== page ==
Five Keys to Wage Subsidy Design

To create jobs and opportunities for struggling jobseekers, one of the most impactful tools available is a wage subsidy program. Below are five key areas of design to consider in making a program have maximum impact for jobseekers, employers and the state.

1. Targeting Job Seekers. Decide who in your workforce you most want to impact and balance this with cost. Does your state want to serve claimants who need the most help getting a job (likely to exhaust) or all claimants; claimants who are low, middle or high income; claimants who are in other categories; or some combination of criteria? Example methods of targeting include: 1) prior wage level of claimants and 2) profiling score.

2. Meeting Employer Demand. Determine how attractive the program must be to gain momentum with employers. Attractiveness of program design can affect: 1) how much the state must spend on marketing to employers and 2) how likely the subsidy is to actually incentivize an employer to provide a new opportunity and training, rather than simply seeking a subsidy for hiring a jobseeker they would have hired without the subsidy. Primary attractiveness factors are:

  • Cash flow – does the subsidy paid match the employer’s payroll timing;
  • Subsidy amount – assuming targeted job seekers are those who lack required skills and/or experience to be hired, is the subsidy sufficient to make the employer’s risk and investment worthwhile;
  • Flexibility – does the program offer greater subisidies (e.g. more weeks) to employers with positions that are more complex or difficult to train; and
  • Simplicity – how simple is the subsidy, e.g. : 1) how much paperwork is involved, 2) how many variables are in the calculation of subsidy payments and 3) does employer participation involve mandates with chilling effects that aren’t strongly outweighed by their impact on ultimate outcomes.

3. Controlling Costs. The net cost of a wage subsidy program can determine whether it becomes a legacy or a loser. The biggest drivers of net costs are: 1) who is targeted (e.g. are they likely long term claimants); 2) when the program is offered (e.g. how much of the jobseeker’s claim time remains to be saved); and 3) whether the claimant has had some time to prove their need for the program (e.g. many UI claimants find work on their own in the first three weeks of a claim).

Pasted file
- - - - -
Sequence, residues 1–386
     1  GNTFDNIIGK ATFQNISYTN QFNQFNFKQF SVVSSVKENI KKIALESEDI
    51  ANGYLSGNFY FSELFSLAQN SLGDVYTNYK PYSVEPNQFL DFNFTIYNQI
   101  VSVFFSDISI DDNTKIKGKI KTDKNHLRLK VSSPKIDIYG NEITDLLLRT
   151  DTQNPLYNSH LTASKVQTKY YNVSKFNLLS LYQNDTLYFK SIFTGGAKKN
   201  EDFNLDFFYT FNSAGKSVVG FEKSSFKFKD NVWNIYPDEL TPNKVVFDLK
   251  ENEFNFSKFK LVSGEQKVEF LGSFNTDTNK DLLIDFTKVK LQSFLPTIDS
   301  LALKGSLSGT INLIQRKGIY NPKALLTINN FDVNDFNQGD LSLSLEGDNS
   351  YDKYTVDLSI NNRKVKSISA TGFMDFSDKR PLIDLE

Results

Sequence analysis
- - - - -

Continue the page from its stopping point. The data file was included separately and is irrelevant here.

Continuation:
Other cost drivers are dependent upon: 1) how well job development activities are structured to harmonize rather duplicate current other job development efforts, 2) how well the program features, e.g. subsidy amount, sell themselves rather than depend on state marketing budgets to sell the program and 3) whether a fixed goal is set for staff to manage the average subsidy amount.

4. Targeting Volume. All wage subsidy programs have a sweet spot that lies beyond a point of critical mass and short of pushing up hill to the point of saturation. Evaluating and setting this target volume in advance can maximize impact on employer adoption and job seeker motivation by providing a real safety net for those who fail to find work on their own. Experience suggests this can be between 2-10% of a population, depending on the pool served.

5. Establishing Measures. What gets measured gets done. How soon basic measures are set and how they are communicated impacts strongly how well the program goals are managed. Measures often include: 1) cost per participant vs. funds saved by lowering claims, 2) efficiency of the referral process and 3) employer and participant satisfaction.

Since the Works Projects Administration of the 1930s, the US has experimented sucessfully with a number of subsidized work programs, from WIA to WOTC to TANF to TAA and all the acronyms in between. Careful design can tap synergies between them and make a powerful one stop opportunity for job seekers who need a fresh start.

To truly provide a hand up, we recommend three strategies: 1) For those who can get a job – work search tools and encouragement; 2) For those who need on-the-job training – a wage subsidy paid to the employer; 3) For those who need a foot in the door – a volunteer training opportunity.

For wage subsidies, consider Texas’ Back to Work program, which won the US Dept of Labor’s 2010 Innovation Award. For volunteer training, consider the Georgia Works program, which won our 2008 Full Employment Award.

Case Studies and Papers